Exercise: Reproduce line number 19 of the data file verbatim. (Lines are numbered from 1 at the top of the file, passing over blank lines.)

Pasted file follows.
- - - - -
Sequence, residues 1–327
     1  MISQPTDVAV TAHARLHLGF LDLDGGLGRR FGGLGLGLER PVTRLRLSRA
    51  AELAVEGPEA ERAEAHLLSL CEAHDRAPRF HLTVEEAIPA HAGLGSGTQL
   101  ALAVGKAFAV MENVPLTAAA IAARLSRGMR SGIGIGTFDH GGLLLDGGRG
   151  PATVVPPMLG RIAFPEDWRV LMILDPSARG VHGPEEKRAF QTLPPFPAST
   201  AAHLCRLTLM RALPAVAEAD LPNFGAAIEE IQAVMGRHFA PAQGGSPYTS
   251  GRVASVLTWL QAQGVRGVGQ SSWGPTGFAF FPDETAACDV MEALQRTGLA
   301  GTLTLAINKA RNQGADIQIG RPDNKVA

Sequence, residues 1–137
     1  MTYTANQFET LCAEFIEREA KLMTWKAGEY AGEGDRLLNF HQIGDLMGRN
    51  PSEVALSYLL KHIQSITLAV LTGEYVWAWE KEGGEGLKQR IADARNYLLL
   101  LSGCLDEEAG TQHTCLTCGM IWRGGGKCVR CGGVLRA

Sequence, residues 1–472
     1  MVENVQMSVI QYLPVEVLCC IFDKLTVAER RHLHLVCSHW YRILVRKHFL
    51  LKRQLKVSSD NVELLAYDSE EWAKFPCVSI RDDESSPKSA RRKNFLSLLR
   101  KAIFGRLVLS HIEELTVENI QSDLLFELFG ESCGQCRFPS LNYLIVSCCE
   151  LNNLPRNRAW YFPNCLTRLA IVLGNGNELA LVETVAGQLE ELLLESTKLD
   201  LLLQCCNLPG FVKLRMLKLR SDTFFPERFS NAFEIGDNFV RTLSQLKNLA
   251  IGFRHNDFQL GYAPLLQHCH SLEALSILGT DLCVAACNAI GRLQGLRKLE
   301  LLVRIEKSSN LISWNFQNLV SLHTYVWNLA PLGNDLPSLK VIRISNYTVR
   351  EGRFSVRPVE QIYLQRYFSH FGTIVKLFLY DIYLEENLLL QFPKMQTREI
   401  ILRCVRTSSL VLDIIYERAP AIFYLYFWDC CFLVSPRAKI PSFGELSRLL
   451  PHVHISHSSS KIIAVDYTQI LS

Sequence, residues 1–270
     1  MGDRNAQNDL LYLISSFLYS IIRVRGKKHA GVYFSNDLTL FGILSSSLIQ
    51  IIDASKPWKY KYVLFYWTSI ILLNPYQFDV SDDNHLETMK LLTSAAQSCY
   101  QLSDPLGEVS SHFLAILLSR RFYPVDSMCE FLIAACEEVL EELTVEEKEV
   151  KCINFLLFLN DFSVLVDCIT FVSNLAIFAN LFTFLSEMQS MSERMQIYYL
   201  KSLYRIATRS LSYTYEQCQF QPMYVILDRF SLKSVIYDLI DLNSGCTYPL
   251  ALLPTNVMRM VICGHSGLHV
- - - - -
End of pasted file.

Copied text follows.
   251  IGFRHNDFQL GYAPLLQHCH SLEALSILGT DLCVAACNAI GRLQGLRKLE